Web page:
Category: Nintendo

A Few Thoughts on Nintendo Switch Cases and Configurations


The backs of Nintendo Switch cases are going to be so very, very busy. With the freedom to “play it your way” comes the need to inform consumers of all their options. The ‘Number of players’ and ‘supported controllers’ icons are commonplace but now we’ll have three more just to depict the various console configurations. Alongside the boilerplate safety notices and tri-lingual game descriptions it should make for an awfully garish sight. No wonder the front of the box is so simple in comparison.

The above image isn’t from the back of a box though, it’s from Fast RMX’s website so the final iconography could be more succinct. Nevertheless, all that information has to be present and will eat up even more space on boxes for marketers to tell you anything about the actual game. It’s not a big deal as there’s a whole internet out there to explain what a game is like but with most news on the Switch these days, this little tidbit raise more questions.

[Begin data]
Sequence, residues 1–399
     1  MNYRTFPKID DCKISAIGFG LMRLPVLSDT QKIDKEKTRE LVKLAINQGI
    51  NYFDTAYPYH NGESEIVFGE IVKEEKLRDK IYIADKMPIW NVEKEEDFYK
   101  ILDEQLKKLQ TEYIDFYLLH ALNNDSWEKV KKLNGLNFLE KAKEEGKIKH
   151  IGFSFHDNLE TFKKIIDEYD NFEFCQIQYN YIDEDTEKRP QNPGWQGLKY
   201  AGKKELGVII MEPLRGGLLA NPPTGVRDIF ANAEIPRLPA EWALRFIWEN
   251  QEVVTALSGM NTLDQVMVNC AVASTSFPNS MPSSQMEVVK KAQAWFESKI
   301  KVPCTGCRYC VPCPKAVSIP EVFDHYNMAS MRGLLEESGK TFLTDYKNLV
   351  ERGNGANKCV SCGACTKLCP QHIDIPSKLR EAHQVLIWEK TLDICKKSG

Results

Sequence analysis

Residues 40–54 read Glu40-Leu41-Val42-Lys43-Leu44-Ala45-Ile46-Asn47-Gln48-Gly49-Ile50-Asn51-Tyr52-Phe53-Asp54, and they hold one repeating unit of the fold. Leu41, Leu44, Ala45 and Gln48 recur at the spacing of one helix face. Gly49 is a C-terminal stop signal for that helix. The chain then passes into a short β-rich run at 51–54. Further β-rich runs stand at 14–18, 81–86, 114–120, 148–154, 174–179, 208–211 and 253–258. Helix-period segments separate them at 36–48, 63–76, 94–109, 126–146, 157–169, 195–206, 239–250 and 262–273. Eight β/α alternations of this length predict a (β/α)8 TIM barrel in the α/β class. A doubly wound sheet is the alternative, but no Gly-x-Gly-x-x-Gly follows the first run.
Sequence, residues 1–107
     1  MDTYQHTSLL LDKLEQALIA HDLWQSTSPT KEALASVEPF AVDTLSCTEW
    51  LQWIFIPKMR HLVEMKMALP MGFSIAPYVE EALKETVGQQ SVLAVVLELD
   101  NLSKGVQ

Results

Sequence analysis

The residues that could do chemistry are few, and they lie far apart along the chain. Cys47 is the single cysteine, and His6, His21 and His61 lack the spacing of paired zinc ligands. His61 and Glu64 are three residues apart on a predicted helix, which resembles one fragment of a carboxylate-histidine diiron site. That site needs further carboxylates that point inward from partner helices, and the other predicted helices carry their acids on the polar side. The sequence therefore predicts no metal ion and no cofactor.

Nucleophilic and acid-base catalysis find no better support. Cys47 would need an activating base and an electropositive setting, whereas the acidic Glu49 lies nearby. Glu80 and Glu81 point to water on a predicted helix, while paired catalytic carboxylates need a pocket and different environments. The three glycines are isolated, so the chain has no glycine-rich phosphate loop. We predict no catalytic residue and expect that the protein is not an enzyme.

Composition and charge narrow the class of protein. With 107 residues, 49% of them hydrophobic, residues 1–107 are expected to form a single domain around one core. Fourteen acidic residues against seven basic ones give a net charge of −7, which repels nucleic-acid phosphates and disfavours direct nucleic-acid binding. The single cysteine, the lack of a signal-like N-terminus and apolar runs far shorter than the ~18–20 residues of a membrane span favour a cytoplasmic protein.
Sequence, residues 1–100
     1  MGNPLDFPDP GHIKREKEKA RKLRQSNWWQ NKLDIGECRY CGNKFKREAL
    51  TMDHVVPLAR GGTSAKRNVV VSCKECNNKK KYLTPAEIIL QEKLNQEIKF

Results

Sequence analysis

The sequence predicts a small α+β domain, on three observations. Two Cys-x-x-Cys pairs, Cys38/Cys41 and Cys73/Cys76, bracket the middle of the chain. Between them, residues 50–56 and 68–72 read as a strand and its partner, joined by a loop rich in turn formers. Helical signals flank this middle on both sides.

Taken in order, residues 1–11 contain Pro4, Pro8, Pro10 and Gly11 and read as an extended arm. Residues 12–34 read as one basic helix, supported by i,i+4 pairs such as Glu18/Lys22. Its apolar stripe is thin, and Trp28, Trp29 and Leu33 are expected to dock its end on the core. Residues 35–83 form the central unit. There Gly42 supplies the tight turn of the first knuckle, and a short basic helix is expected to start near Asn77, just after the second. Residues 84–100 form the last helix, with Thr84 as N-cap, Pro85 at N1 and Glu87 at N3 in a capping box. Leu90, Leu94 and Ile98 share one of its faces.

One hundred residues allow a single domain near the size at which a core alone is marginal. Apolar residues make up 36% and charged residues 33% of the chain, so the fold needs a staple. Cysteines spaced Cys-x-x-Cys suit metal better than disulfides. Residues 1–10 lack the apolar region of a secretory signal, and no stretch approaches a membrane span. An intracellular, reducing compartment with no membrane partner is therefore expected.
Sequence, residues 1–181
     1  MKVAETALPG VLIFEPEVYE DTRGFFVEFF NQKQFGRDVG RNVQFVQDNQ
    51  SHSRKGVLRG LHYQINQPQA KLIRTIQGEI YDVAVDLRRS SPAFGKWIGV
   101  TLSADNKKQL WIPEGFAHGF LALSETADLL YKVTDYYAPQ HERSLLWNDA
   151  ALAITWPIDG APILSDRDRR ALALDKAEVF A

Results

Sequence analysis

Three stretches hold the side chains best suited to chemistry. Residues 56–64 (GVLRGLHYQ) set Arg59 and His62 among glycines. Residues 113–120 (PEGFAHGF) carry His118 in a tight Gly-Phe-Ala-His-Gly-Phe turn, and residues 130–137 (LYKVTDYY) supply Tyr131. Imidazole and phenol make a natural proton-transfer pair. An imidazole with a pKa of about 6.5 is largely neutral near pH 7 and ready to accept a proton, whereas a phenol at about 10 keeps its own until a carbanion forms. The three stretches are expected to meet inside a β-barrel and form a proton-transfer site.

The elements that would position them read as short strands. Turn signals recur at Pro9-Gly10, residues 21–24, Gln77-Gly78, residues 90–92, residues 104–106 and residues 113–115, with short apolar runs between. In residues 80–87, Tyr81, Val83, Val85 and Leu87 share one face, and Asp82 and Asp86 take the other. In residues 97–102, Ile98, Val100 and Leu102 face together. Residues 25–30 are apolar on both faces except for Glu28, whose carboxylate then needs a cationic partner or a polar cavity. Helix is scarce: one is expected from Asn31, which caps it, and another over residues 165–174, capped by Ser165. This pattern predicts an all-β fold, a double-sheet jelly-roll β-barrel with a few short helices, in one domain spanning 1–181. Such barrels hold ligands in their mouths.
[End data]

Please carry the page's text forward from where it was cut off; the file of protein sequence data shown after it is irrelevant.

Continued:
It’s been taken for granted that all games would support all three Switch configurations (TV, Tabletop and Handheld modes) but could some games simply refuse to work on the go? With the alleged performance drop when the Switch is undocked could some games run so poorly that Nintendo would require them to disable on-the-go play?

If there’s a performance edge to be gained by prohibiting undocked play then at least a few studios will use it. If that gamble pays off — or if demand just isn’t there for portable play thanks to the battery life —  I could see the majority of Switch games going “TV Mode” exclusive. It’s just a thought, I’m sure there are details out there already in subreddits and forums but I wanted to throw it out there in the crazy chance that I’m onto something.

Here’s the art that might have inspired Miyamoto’s “Samurai Mario”


The artwork that inspired Miyamoto's Samurai Mario t-shirt?